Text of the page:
KOKOMO, Ind. – Nearly 450 elementary students and their families examined water samples under microscopes, viewed the stars on a big screen, and learned what it’s like to live and work in a space station.
The Science, Technology, Engineering, and Math event at Indiana University Kokomo, funded with a $20,000 grant from the Duke Energy Foundation, provided hands-on activities for children from Kokomo’s Elwood Haynes and Boulevard elementary schools.
“The goal was to show the real-world everyday relevance of science and math and engineering,” said Leah Nellis, dean of the School of Education. “It’s also to show how simple household items can be used at home to continue to learn and engage in STEM related activities.
Families with their children, preschool through fifth grade, rotated through stations provided by the WonderLab Museum of Science, Health & Technology in Bloomington and the Children’s Museum of Indianapolis. The hands-on activities included a space lab simulator, performing experiments in the microbiology lab, and learning about astronomy.
“We wanted them to discover how STEM disciplines are part of their normal lives, and the kinds of things they can do in those fields for careers as they get older,” Nellis said, adding that the opportunity to learn through play is invaluable.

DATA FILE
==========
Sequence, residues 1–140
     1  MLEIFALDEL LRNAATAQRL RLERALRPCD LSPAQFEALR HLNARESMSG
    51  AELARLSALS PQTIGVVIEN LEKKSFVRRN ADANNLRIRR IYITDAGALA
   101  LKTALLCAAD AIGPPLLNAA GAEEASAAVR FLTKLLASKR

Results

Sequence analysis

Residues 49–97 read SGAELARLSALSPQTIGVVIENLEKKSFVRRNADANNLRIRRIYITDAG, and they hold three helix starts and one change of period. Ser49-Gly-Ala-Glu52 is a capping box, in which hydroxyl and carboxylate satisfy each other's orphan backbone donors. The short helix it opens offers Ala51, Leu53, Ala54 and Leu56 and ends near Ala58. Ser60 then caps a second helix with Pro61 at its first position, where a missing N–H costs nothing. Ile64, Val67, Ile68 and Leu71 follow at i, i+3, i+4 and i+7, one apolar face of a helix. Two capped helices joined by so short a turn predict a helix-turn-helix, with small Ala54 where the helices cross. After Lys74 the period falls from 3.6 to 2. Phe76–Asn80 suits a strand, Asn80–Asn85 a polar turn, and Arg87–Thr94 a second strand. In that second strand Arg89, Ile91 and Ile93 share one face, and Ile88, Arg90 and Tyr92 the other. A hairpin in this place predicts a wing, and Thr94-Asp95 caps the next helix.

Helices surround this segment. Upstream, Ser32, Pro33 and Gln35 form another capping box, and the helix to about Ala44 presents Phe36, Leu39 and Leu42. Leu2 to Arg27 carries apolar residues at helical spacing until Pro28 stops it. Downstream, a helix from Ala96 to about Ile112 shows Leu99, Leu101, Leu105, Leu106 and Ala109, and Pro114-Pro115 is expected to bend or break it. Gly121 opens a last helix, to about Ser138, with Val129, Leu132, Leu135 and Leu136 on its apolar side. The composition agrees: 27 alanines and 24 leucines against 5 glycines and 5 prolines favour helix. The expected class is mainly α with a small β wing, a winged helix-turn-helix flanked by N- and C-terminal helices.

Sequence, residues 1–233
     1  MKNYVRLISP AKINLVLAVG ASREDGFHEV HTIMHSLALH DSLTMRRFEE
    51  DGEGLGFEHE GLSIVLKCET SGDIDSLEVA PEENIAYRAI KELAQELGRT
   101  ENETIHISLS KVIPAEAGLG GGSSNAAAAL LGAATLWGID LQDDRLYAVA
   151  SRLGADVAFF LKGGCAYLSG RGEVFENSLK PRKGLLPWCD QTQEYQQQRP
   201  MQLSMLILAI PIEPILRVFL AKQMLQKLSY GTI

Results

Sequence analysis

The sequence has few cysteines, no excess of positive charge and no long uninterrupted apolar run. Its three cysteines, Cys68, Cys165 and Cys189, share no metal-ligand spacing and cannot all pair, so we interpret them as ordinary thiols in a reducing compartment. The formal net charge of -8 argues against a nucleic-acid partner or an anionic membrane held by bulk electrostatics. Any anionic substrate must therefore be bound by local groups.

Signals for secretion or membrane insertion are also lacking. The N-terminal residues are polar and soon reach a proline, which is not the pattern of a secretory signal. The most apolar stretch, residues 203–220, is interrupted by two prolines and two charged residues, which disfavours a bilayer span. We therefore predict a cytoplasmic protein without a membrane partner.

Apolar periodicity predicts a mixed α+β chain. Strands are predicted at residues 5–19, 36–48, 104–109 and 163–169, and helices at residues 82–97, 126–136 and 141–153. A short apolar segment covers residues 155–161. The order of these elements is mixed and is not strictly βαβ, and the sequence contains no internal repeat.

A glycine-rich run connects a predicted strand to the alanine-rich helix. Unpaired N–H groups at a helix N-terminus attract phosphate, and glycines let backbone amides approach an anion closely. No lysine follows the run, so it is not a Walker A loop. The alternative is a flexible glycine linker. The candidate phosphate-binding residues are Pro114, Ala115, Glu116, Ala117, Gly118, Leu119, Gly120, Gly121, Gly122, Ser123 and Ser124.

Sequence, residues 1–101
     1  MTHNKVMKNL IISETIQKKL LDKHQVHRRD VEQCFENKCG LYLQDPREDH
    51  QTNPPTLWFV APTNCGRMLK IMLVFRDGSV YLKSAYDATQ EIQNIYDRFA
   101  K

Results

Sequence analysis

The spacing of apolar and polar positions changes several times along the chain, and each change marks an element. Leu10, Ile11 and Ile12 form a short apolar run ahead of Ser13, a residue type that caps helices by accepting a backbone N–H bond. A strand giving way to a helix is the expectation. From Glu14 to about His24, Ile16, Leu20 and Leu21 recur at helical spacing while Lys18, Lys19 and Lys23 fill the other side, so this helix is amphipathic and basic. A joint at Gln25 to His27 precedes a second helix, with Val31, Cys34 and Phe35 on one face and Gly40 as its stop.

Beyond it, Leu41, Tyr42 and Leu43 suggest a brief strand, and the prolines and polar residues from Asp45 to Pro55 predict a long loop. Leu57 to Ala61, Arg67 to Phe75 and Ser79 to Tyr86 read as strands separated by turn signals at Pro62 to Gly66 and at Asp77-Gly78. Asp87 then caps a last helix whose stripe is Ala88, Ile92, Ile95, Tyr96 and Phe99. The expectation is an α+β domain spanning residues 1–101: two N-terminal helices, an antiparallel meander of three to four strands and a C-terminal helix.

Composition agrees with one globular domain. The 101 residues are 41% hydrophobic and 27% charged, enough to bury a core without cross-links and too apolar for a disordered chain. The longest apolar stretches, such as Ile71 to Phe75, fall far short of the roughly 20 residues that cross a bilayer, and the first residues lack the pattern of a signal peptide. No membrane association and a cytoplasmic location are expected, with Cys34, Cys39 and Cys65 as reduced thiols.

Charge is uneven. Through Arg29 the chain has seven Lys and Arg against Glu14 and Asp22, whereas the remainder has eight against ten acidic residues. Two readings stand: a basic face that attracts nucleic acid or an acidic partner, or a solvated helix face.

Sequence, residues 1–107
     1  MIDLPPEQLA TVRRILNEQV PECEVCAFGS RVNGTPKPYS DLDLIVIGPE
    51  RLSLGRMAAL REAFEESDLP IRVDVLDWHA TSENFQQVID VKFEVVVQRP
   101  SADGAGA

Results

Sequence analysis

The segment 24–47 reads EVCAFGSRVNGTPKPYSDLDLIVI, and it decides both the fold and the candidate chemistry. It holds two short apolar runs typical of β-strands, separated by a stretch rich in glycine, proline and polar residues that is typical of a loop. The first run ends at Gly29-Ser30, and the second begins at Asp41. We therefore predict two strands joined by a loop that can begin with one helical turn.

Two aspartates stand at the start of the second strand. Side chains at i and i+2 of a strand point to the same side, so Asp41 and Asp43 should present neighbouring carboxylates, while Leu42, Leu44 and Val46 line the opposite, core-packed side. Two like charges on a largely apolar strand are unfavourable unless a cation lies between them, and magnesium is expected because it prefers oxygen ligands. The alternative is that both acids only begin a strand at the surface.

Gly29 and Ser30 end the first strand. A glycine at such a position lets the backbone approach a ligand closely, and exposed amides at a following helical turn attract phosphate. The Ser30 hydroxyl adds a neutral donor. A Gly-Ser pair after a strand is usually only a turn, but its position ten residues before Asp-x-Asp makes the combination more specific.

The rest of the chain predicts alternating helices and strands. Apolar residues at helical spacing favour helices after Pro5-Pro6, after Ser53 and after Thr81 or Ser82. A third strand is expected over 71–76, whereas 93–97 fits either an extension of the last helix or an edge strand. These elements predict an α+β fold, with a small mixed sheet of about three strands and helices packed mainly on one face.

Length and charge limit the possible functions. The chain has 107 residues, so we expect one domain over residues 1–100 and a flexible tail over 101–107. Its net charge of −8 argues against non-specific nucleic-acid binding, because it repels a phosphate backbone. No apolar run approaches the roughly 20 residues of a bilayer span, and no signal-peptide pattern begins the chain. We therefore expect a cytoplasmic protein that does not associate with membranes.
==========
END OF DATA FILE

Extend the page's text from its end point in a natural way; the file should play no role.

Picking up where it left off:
The learning will extend back into their classrooms, she said, because many teachers attended and gained new ideas.
“What they learned from the STEM night can arm teachers with new materials and techniques to enrich what they do in their classrooms, which benefits every student,” she said.
Both schools hosted their own STEM family night during the school year, leading up to the culminating event at IU Kokomo. The evening featured stations with science-based activities for parents to engage in with their children.
In addition to the high-quality museum exhibits, Nellis said, more than 80 volunteers, including faculty, staff, and School of Education students, led simple experiments using items families may access easily, to encourage them to experiment at home.
Besides funding the STEM night, the Duke Foundation grant also provided small door prizes for each child attending, as well as STEM activity kits given away in drawings. Teachers also received classroom materials funded through the grant.
“We appreciate the Duke Energy Foundation’s desire to support STEM-related learning, and to connect elementary children and their families into STEM-learning activities,” said Nellis. “The funding will increase and boost what these schools are doing related to STEM education. Together, we are impacting the education offered there.”
Indiana University Kokomo serves north central Indiana.